2018 Courses / Cycles

OSA sug 2018

CYCLE A: Conflict & Political Violence

July 8-18, 2018

Course Description

The goal of this course is to review the most recent developments in the field of conflict and political violence. In exploring the intersection of large-scale collective action and political violence, we will draw from several fields of research and methodological approaches and we will examine a broad cross-section of topics, including the causes and dynamics of civil war, ethnic conflict, mass violence, genocide, riots, and terrorism; the logic of rebel group formation, cohesion, and performance, and the dynamics of post-conflict violence, peacekeeping, and peace-building. Our geographic focus will be broad, reflective of the faculty’s diverse expertise. An integral part of the course is a workshop where students can present their ongoing research and receive feedback from faculty and peers.

The faculty includes:

  • Richard English, Pro-Vice-Chancellor of Queen’s University Belfast, where he is also Professor of Politics and Distinguished Professorial Fellow in the George J. Mitchell Institute for Global Peace, Security and Justice.
  • Stathis Kalyvas, Gladstone Professor of Government, Department of Politics and International Relations at the University of Oxford, and fellow of All Souls College.
  • Benjamin Lessing, Assistant Professor, Department of Political Science at the University of Chicago; Co-Director of the Program on Political Violence, part of the Chicago Project on Security and Threats (CPOST).

  • Anastasia Shesterinina, Lecturer (Assistant Professor) in Politics/International Politics, Department of Politics, University of Sheffield.

  Syllabus / Reading Material

 

CYCLE B: Terrorism and European Security

July 8-18, 2018

Course Description

Terrorism, and our response to it, is among the most compelling of global political issues: it dominates news headlines, public anxiety, and political strategies alike. Yet few attempt to analyze systematically this pressing phenomenon. Surely, no amount of analytical precision will rid us of the existence of terrorism, but if we want to respond effectively to the policy challenge that it poses we need first to respond effectively to its analytical challenge. To this end, the course offers concentrated, in-depth exposure to the evolution and major characteristics of modern terrorism, its actors, strategies and modus operandi, as well as an understanding of the challenges this phenomenon presents to decision-makers and security establishments. Topics that will be covered include: the place of terrorism within the broader context of political violence; the causes of terrorism; the strategic (in)effectiveness of terrorism; the conditions under which terrorist organizations come to an end; the rise of ISIS; the place of terrorism in the changing European security landscape; and the art counter-terrorism. An integral part of the course is a workshop where students can present their ongoing research and receive feedback from faculty and peers. The course will be a unique platform to engage in challenging debates and to consolidate a global research network in the fast-growing field of Terrorism Studies.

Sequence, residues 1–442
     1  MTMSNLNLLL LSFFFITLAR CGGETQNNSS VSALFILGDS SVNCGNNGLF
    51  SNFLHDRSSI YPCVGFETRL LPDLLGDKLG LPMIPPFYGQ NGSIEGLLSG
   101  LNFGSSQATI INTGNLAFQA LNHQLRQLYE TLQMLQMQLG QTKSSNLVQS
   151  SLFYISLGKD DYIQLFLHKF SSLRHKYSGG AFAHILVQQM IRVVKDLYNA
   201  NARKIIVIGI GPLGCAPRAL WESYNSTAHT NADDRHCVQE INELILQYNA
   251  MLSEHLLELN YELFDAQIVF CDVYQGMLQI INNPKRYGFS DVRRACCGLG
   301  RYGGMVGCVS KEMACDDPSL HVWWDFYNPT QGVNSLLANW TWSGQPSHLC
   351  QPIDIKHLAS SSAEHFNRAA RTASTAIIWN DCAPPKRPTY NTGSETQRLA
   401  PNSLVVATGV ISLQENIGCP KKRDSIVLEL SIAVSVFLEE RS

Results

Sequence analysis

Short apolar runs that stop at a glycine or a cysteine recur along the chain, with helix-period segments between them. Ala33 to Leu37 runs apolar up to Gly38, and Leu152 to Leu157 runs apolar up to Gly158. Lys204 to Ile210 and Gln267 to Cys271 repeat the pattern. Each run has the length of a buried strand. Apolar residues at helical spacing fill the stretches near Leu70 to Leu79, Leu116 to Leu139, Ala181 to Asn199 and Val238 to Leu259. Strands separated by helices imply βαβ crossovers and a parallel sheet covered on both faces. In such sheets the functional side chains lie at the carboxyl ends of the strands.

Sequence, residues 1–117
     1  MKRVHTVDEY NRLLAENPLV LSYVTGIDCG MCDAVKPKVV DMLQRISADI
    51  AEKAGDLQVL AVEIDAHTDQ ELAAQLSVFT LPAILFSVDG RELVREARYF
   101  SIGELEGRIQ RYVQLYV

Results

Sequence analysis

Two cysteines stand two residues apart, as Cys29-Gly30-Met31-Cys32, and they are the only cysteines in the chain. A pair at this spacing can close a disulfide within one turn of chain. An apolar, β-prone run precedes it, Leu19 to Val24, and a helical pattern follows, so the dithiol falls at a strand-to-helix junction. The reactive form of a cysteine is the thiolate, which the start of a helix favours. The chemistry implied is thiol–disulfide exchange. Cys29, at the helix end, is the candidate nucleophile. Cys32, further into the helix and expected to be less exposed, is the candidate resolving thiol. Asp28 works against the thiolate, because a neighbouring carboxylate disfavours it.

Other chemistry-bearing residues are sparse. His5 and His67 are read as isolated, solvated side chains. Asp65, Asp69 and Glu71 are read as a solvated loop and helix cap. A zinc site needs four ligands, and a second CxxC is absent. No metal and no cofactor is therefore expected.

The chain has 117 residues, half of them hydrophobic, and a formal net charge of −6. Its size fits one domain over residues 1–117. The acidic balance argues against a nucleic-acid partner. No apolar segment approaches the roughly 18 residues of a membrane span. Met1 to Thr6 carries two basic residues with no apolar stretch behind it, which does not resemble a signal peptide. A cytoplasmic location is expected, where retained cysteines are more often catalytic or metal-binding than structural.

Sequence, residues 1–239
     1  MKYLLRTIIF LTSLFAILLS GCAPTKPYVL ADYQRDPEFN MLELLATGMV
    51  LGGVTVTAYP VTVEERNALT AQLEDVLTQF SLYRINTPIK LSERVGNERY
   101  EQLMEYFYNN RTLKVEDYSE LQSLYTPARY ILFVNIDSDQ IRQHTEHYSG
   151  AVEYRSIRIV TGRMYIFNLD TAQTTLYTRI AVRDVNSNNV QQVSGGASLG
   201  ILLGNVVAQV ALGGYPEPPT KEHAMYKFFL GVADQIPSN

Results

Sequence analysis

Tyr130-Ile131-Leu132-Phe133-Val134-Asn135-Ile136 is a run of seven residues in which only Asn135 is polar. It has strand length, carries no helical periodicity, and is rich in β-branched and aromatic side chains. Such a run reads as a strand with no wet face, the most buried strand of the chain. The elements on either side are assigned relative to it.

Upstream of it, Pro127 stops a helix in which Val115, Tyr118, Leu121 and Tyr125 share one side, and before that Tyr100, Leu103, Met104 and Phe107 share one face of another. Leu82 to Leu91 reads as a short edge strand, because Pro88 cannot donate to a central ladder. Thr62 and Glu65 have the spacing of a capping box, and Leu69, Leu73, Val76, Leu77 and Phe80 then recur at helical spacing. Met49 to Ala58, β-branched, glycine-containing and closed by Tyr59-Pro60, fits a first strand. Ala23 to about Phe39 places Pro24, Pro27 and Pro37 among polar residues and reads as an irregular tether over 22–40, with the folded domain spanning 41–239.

The faculty includes:

  • Richard English, Pro-Vice-Chancellor of Queen’s University Belfast, where he is also Professor of Politics and Distinguished Professorial Fellow in the George J. Mitchell Institute for Global Peace, Security and Justice.
  • Andreas Gofas, Associate Professor of International Relations, Panteion University of Athens.
  • Stathis Kalyvas, Gladstone Professor of Government, Department of Politics and International Relations at the University of Oxford, and fellow of All Souls College.
  • Christian Kaunert, Professor of Policing and Security, University of South Wales
  • Kieran McConaghy, Lecturer at the Handa Centre for the Study of Terrorism and Political Violence (CSTPV), University of St Andrews.
  • Harry Papasotiriou, Professor of International Politics, Panteion University of Athens; Director of the Institute of International Relations, Athens, Greece.

Syllabus / Reading Material

 

CYCLE C: Democratic vs Authoritarian Capitalism

July 8-13, 2018

Course Description

The relationship between capitalism and political regime types stands at the center of this course, which examines the origins, evolution, and governance of diverse democratic and authoritarian models of economic development.  Taught by an interdisciplinary team of researchers who examine historical and contemporary cases of democratic and authoritarian capitalism, the course addresses themes such as state capacity; market-making and political development; varieties of capitalism; international competition and integration; historical legacies; culture; political and economic transitions; inequality; and populism.  These themes have become all the more timely with populist surges in the United States and Europe and with the rise of China and regimes that use novel mixes of democratic and authoritarian economic governance. Students will receive feedback on ongoing research and learn in a dynamic classroom devoted to examining conventional wisdoms and new perspectives on democratic and authoritarian models of capitalism.

The faculty includes:

  • Orfeo Fioretos, Associate Professor of Political Science, Temple University, Philadelphia; 2017-18 Fulbright Research Fellow, Kings College, London.
  • Harry Papasotiriou, Professor of International Politics, Panteion University of Athens; Director of the Institute of International Relations, Athens, Greece.
  • Wolfango Piccoli, Co-president and Director of Research, Teneo Intelligence.